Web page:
The State Department’s annual report on human trafficking pinpointed the prevalence of foster care history among child sex trafficking victims in the United States.
While in many other countries, the report listed foster care among the tools used to protect victims of human trafficking, “in the United States, traffickers prey upon children in the foster care system,” it stated (pdf).
“Recent reports have consistently indicated that a large number of victims of child sex trafficking were at one time in the foster care system.”
Just one federally funded trafficking hotline received nearly 120,000 calls, texts, and other messages and identified close to 11,000 potential trafficking cases in fiscal 2018. The hotline reported more than 3,400 cases to law enforcement and was notified about more than 1,000 investigations that were opened as a result.
Among people vulnerable to trafficking in the United States, the report listed children in the child welfare and juvenile justice systems, including foster care; runaway and homeless youth; unaccompanied foreign national children without lawful immigration status; American Indians and Alaska Natives; and drug addicts.
“Advocates reported a growing trend of traffickers targeting victims with disabilities and an increase in the use of online social media platforms to recruit and advertise victims of human trafficking,” it said.
Traffickers Seldom Kidnap Victims
Children in the social services system are the group with the highest prevalence of child sex trafficking, said Robert Lowery, vice president for the missing children division at the National Center for Missing and Exploited Children (NCMEC), a nonprofit that serves as a clearinghouse for reports on missing children.
Based on the incomplete data available, it appears traffickers seldom kidnap their victims. Instead, they often contact children on social media, groom them over time, and eventually lure them away. As a result, the children would be reported as runaways. They also target children that ran away for other reasons.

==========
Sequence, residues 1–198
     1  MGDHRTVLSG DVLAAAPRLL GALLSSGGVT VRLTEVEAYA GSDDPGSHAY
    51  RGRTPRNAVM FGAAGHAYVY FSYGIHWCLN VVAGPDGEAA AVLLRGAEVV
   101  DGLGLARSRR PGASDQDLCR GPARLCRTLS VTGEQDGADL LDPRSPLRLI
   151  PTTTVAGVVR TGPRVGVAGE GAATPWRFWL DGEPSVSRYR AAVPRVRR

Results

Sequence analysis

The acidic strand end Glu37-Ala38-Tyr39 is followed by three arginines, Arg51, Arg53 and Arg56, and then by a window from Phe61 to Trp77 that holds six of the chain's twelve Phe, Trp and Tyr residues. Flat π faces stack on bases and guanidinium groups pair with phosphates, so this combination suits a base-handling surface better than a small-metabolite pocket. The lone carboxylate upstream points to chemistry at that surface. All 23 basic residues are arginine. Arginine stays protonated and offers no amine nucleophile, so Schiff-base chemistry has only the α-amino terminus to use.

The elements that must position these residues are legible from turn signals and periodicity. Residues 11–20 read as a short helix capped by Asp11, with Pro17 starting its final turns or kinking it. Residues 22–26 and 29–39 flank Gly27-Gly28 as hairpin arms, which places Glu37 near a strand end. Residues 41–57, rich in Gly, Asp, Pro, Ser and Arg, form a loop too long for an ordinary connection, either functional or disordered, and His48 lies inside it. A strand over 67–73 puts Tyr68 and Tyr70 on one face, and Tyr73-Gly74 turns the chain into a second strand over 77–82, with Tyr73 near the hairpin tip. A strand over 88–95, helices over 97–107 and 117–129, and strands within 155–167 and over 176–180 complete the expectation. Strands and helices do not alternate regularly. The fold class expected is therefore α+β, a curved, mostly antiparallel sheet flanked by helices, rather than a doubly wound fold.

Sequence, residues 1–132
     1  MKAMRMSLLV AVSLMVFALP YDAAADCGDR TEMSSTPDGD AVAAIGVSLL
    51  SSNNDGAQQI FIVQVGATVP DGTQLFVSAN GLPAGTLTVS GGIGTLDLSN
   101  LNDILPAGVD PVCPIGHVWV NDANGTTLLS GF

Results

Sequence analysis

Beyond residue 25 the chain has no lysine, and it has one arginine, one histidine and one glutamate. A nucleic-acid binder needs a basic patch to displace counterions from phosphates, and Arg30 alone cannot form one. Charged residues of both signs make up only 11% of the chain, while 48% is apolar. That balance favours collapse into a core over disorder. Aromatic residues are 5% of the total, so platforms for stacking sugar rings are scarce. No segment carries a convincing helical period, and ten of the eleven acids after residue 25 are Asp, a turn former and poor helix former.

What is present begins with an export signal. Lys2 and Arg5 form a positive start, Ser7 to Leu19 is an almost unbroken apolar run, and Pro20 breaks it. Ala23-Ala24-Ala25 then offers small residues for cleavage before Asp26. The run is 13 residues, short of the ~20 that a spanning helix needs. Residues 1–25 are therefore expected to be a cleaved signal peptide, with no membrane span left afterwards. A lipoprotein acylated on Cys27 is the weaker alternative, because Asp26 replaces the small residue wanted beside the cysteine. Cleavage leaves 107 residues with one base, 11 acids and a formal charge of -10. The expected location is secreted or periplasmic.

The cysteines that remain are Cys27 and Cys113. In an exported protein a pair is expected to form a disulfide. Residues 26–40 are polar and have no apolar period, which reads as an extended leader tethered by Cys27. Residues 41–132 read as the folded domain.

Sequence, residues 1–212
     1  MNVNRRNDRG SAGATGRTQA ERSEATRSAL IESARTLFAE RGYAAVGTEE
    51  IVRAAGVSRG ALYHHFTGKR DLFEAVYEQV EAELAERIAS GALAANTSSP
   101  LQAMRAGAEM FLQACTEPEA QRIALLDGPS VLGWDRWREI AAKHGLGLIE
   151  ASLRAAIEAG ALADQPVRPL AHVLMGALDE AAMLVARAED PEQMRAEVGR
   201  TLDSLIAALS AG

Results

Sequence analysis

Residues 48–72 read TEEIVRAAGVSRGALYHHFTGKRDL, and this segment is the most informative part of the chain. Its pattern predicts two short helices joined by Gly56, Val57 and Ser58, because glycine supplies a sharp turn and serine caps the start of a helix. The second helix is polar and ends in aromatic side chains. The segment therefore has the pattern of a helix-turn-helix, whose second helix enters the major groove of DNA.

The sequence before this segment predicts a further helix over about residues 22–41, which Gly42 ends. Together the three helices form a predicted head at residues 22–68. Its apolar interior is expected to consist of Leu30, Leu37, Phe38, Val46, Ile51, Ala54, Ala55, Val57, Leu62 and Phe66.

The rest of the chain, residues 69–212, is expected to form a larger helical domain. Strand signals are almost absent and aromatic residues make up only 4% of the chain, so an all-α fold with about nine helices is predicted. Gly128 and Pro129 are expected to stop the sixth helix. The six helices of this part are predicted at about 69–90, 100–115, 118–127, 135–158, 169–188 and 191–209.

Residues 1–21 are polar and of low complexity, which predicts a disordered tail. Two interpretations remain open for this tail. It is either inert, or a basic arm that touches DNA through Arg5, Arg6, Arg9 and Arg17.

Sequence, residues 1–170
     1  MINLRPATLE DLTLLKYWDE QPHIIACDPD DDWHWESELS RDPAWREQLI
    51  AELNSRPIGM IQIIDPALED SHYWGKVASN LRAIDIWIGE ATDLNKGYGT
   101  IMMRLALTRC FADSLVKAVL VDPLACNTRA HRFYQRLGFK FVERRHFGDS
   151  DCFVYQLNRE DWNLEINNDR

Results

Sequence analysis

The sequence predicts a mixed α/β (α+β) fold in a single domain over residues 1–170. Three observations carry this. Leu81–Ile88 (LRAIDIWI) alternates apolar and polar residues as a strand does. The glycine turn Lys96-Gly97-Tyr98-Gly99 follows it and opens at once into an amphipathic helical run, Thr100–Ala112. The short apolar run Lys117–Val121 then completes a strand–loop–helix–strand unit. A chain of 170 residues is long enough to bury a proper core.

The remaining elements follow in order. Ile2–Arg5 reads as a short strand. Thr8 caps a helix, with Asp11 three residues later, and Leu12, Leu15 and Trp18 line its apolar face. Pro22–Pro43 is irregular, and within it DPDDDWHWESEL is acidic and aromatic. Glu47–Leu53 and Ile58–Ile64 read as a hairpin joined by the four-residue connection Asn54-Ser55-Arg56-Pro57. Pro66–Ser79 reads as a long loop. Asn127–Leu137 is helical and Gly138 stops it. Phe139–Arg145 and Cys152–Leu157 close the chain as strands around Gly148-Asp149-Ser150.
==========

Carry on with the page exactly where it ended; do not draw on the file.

They mainly target children from ages 12 to 14.
In 2017, almost 25,000 runaways were reported to NCMEC. Nearly 3,600 of the runaways were likely victims of sex trafficking; of those, 88 percent came from the social services system.
Child Welfare System
Whether the children in the system—some 440,000 of them—are victims of maltreatment by their families, victims of maltreatment in the system itself, or both, they many times languish in a limbo of not knowing who to trust.
Pimps have proved skilled at exploiting such vulnerabilities, commonly posing first as loving boyfriends, gradually isolating their victims from family, friends, or any other potential sources of support.
“While these kids may leave home voluntarily, while they may be runaways … they are seduced, they are tricked, they are lured into this practice and then they lose the ability to walk away,” said Ernie Allen, NCMEC president and chief executive, in a 2009 report (pdf).
The State Department’s report noted that the Department of Health and Human Services (HHS) inspectors general, in partnership with law enforcement, “piloted an initiative to find children missing from foster care, including those at risk of human trafficking.”
There seems to be some positive change underway. The reports of missing children decreased by about 9 percent in 2018, reaching record lows in available FBI data.